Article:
We spent the next month on this ridge and I observed my 20th birthday there in a fox hole. Next we crossed the Rhineland, encountering German resistance along the way and ended on the Rhine River across from Dusseldorf. Sometime later we were loaded on trucks and speeded away on an all- night journey to where we had no idea.

The next morning we passed over a ridge and spread before us was the most awe-inspiring and frightening panorama I ever witnessed.. A couple miles away was the Rhine River and spanning it was the now famous Ludendorff Bridge at Remagen.

German artillery was raining on and about the bridge, frog-men were in the river trying to plant explosives, the new German jets were dropping bombs. The bridge was a railroad bridge, unsuited for truck and tank traffic.. In order to make it passable, large iron plates had been placed across the railroad tracks. As vehicles rumbled over these plates, they were gradually dislodged from the tracks. Engineers had to leave the relative protection of the towers of the bridge and manually lift these plates back on the tracks! Casualties were naturally high and the crews had to be replaced every fifteen minutes. Even so, some went out of their minds.

A single narrow road led from where we were to the bridge a mile or so away. Along this road was numerous vehicles on fire and in various stages of ruin. The field next to the road was covered with bodies covered by shelter halves. Tanks, trucks, jeeps, etc. were lined up awaiting their turn to cross.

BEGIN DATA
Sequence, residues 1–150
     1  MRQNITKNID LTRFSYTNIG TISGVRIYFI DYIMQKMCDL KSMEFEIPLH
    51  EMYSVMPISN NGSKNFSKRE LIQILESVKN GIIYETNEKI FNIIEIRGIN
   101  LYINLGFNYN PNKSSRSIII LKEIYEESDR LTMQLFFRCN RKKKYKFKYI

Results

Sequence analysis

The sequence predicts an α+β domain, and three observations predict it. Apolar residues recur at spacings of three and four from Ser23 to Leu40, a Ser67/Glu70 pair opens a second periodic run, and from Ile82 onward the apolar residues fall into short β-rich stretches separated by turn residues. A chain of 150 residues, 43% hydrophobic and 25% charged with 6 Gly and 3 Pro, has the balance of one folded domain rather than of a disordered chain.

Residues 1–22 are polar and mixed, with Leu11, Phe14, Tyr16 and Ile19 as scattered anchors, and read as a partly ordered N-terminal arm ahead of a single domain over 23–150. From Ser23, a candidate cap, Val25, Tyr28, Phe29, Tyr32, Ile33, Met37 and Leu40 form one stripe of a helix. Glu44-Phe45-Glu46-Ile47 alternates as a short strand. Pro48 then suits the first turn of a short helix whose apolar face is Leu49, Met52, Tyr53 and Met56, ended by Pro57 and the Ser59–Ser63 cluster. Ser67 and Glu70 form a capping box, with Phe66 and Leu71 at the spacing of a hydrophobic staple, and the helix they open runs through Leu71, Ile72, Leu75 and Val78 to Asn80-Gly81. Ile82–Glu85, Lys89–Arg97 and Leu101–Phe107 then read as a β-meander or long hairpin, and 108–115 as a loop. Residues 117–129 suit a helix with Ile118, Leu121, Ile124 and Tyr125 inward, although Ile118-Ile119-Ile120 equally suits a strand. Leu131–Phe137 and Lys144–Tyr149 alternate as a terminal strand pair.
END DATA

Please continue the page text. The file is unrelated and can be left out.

At last came our turn, sitting on a pile of 57mm ammunition, our truck raced for the bridge, rattled across nd in a few minutes was under the relative safety of the bluffs on the eastern side of the Rhine. We were among the first troops to cross the Rhine going eastward since the days of Napoleon I. (So I have read).

Gradually the bridge-head was enlarged, American forces surrounded the Ruhr Valley and over 300,000 German soldiers surrendered. I myself escorted over a hundred prisoners to the POW cages, I sitting on top of a German "jeep" and herding my flock along. It was a foolish thing to do as any fanatic in the woods could have shot me from my perch. As we moved along, many Germans came out of the woods and joined the procession.